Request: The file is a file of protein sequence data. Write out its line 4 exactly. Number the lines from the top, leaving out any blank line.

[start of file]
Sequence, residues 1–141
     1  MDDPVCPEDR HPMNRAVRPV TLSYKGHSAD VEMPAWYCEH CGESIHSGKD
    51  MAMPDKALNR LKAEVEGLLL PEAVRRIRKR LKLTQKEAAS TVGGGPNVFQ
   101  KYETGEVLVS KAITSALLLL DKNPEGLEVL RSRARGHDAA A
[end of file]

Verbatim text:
   101  KYETGEVLVS KAITSALLLL DKNPEGLEVL RSRARGHDAA A